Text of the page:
All Forum Topics

as if he were a child

1) He was feeling foolish, as if he were a child playing a game he didn't quite understand. Is that sentence correct? Does it mean: a) He was feeling foolish and he was feeling as if he were a child playing a game he didn't quite understand. or: b) As if he were a child playing a game he didn't quite understand, he was feeling foolish. Are we dealing with a specific way of feeling foolish? He wasn't feeling foolish like a man who had made a big blunder in a chess game, but was feeling...Read More...

How to parse "I hate it when..."

Please have a look at these two sentences: I hate it when he does that. I hate when he does that. 1,They have the same meaning, but the first one is more common, right? 2,How do you parse the first sentence? My take is that "it" Is dummy object , with when-clause being the real one. Is it also possible to view "when..." as adverbial?Read More...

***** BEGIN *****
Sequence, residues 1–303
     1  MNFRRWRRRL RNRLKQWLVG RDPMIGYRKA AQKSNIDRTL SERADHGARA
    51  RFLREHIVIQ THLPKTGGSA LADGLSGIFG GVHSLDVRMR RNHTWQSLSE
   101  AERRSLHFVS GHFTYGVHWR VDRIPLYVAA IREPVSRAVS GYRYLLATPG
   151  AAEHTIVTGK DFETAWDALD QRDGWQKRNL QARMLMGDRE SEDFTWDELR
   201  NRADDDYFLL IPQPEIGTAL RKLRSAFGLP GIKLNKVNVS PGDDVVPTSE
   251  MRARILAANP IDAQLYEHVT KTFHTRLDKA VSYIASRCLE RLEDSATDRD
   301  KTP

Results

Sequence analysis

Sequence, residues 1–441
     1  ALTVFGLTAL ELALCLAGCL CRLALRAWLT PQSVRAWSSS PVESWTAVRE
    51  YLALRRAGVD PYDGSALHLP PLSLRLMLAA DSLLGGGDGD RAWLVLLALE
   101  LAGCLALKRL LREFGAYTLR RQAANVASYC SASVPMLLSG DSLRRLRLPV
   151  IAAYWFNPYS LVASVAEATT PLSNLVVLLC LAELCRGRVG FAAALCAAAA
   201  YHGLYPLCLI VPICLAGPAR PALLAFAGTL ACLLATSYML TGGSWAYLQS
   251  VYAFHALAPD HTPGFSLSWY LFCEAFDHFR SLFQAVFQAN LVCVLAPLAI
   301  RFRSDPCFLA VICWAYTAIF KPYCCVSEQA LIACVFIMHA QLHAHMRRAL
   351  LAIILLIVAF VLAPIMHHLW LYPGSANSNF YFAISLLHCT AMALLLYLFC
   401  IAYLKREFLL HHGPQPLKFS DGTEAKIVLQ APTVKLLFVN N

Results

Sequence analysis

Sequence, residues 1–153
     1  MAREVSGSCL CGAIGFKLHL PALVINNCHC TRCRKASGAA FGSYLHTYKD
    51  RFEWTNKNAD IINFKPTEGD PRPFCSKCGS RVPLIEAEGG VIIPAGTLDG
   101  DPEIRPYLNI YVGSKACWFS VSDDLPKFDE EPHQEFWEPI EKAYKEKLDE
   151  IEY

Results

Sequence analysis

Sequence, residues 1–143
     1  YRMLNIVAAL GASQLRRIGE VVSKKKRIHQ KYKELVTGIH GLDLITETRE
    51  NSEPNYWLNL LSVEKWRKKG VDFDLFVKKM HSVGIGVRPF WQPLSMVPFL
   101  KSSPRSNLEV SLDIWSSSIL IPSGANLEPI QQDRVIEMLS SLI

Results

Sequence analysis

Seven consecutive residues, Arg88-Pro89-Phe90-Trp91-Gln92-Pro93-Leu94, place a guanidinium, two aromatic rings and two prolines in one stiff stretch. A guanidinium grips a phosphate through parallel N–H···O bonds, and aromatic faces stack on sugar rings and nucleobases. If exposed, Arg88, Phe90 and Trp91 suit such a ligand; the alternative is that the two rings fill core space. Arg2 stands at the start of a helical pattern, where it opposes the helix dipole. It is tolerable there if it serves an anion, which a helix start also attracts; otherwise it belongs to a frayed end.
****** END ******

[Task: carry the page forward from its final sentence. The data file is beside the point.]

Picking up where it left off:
Got it, thanks.Read More...
Last Reply By Robby zhu · First Unread Post

waking Peter up

1) I shouted at Tom waking Peter up. 2) I shouted at Tom , waking Peter up. Are both correctly punctuated? Is the comma necessary? Does it change anything in any way? Does it change the meaning? Gratefully, NaviRead More...
Or, I shouted at Tom for waking Peter up. DocVRead More...
Last Reply By Doc V · First Unread Post

placement of "only"

I have made up the two similar examples below. (1a) Yesterday, my friends came to my birthday party and ate most of my food. Now, I only have enough food for two lunches. (1b) Yesterday, my friends came to my birthday party and ate most of my food. Now, I have enough food for only two lunches. Which position of "only" is correct? Thank you very much for your help.Read More...
We can also say: Only I have enough food for two lunches. But that changes the meaning considerably. DocVRead More...
Last Reply By Doc V · First Unread Post

Grammar